I'm hoping to muster the energy to deal with a suitcase full of dirty laundry sometime this evening, but I have a feeling that today's otherwise gonna be pretty much a write-off.


Monday, April 08, 2024

Pew! Pew! Pew!

The man-on-man shootoff against reactive targets at TacCon is always something worth watching.

Sunday, April 07, 2024

Gun Nerd Solstice

Wrapping up TacCon today and heading home. It's a busman's holiday for me, in that rather than going to gun school myself, I'm just wandering around taking photos of people attending the training event of the year.

People will ask me the polite "Hey, how you doing?" thing by way of conversation, and it's so uncommon to be able to answer "There is literally no place I'd rather be and nothing I'd rather be doing."

Friday, April 05, 2024

You gotta love it...

"Caitlin Clark couldn't play for a Division One NCAA men's team!" -Joel in IT, 5'8" 240lbs

Wide Open

Mike at The Online Photographer asks how often people shoot with the aperture on their lenses cranked wide open. For myself, the answer is "only when I'm doing available light candid portraiture indoors" pretty much.


Thursday, April 04, 2024

Automotif CDLXXXV...

This was something that doesn't happen often. Myself and fellow Indy-area car spotter Jim Grey both caught this 1979-1985 Jeep Wagoneer Limited, possibly the same day. Certainly we both saw it on College Avenue.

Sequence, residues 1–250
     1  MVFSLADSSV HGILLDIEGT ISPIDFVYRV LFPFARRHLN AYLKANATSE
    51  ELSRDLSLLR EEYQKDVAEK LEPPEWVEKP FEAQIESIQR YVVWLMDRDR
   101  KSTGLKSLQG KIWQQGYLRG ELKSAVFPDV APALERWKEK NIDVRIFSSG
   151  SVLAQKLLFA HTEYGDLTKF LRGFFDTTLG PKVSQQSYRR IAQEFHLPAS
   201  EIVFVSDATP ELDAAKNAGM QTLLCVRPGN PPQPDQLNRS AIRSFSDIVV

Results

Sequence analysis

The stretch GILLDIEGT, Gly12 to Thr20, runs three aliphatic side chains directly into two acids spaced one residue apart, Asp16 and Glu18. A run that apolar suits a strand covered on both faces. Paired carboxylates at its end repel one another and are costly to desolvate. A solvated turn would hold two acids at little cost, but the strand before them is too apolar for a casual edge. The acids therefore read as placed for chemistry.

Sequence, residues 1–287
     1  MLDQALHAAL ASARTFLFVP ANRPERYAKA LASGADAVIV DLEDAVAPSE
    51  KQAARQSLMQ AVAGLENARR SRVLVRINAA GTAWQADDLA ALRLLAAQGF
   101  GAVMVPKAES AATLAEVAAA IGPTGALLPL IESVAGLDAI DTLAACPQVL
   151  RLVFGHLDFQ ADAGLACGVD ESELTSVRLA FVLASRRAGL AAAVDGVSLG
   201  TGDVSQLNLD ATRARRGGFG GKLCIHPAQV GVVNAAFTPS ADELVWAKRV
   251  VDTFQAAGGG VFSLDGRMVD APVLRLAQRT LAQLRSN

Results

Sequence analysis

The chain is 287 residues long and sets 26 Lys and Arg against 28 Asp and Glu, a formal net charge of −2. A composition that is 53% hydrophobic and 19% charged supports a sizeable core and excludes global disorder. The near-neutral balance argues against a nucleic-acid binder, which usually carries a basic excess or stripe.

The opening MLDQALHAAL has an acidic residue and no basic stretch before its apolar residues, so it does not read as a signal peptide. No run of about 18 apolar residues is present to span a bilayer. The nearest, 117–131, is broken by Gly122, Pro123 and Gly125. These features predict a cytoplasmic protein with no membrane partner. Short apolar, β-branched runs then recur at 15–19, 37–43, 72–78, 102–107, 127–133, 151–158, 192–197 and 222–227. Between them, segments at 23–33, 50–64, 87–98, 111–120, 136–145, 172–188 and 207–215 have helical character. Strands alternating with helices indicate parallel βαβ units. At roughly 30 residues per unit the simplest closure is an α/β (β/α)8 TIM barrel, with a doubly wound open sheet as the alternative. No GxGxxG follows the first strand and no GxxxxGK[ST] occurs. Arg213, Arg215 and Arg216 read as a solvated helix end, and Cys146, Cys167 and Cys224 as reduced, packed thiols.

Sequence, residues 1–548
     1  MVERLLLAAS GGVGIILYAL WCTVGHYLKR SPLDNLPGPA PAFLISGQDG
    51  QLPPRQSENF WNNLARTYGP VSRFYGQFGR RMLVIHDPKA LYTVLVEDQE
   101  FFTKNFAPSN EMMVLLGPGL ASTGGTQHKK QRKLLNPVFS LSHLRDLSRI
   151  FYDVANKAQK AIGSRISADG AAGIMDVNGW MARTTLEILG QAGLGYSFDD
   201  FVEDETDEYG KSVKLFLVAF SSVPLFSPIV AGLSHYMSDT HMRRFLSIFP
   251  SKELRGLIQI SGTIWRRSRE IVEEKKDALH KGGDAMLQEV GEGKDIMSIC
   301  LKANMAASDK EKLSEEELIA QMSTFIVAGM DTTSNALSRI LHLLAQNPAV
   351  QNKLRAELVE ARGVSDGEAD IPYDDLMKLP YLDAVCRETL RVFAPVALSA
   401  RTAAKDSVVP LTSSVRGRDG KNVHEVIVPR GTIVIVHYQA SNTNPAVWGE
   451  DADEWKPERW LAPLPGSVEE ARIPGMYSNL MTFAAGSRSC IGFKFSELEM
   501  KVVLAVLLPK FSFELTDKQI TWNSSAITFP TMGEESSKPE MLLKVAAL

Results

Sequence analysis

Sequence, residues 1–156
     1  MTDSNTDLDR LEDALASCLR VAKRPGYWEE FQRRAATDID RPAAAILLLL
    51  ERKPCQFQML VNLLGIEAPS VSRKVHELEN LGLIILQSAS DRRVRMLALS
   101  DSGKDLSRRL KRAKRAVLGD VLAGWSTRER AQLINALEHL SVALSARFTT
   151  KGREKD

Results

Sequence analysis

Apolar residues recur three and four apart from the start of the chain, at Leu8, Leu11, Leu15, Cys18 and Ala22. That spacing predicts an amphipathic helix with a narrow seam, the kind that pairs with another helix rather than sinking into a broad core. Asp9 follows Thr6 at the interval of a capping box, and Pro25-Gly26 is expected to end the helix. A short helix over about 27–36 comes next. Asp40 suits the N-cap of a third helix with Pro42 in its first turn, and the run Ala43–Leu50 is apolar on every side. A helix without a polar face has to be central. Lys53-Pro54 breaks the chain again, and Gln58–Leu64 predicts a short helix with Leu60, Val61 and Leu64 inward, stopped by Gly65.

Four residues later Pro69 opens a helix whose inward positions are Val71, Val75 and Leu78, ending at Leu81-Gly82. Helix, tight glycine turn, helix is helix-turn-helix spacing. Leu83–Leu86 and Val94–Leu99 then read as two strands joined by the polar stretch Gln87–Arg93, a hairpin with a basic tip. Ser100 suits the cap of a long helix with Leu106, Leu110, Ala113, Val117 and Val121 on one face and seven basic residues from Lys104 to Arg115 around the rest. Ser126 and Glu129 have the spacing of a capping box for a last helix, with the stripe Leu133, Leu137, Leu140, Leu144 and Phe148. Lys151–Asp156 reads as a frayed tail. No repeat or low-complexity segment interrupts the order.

The faux-woodie fad was starting to wane by the early Eighties. For '79, you could get your 4WD Wagoneer with either a 97bhp 258 cubic inch inline six, or a 360cid American Motors V-8 fitted with a Motorcraft 2bbl carburetor and pumping out 127 SAE net horsepower.

Wednesday, April 03, 2024

I LOLed.

A very tall tree in a neighbor's yard had gone the way of all living things.

I'd been eyeing it nervously for some time because a largish limb had come off in a storm, only to have its plummet interrupted by getting snagged in some lower branches. There it hung, right over the sidewalk, like some giant toothpick of Damocles. I'd idly wonder, strolling under it on windy days, if this would be the day that it completed its groundward journey, leaving me pithed like a giant, pale, baseball cap wearing frog.

Anyway, they had a tree company out the other day and they stripped it of its remaining limbs, leaving the giant, forked trunk standing naked in the yard, awaiting the next run of good weather so they could finish the job.

Bobbi, commenting on the remains of the oak, said "It's the Treenus de Milo."

(Personally, I think it more resembles the Winged Victory of Some Ol' Tree.)

...and fruit flies like a banana.

Reminder to my fellow GenX'ers: Reminiscing about the Eighties and Nineties today is like our parents and grandparents reminiscing about the Forties and Fifties back in the Eighties.
"If Back to the Future was set today, Marty would go back to 1994. The kids in the past would be listening to Nirvana. Marty would amaze and confuse them with White Stripes and Radiohead songs, and intimidate his dad by pretending to be Neo from The Matrix. He'd be baffled by the lack of wifi."

If they re-shot Christine today, the demon car would be a 1999 Chrysler 300M and its radio would randomly play Kenny Chesney tunes.


Tuesday, April 02, 2024

As predicted...

Last October, in the immediate aftermath of the Hamas terrorist massacres on Israeli citizens, I wrote:
Zahal has probably a two week window where they could get away with rather a lot of murder and not many tears would be shed until long after the shooting died down.
It was gonna be a tough job rooting out Hamas from their nests among the densely-populated Gaza Strip, but with the outrage still fresh, much of the world would probably look the other way for a reasonable amount of collateral damage.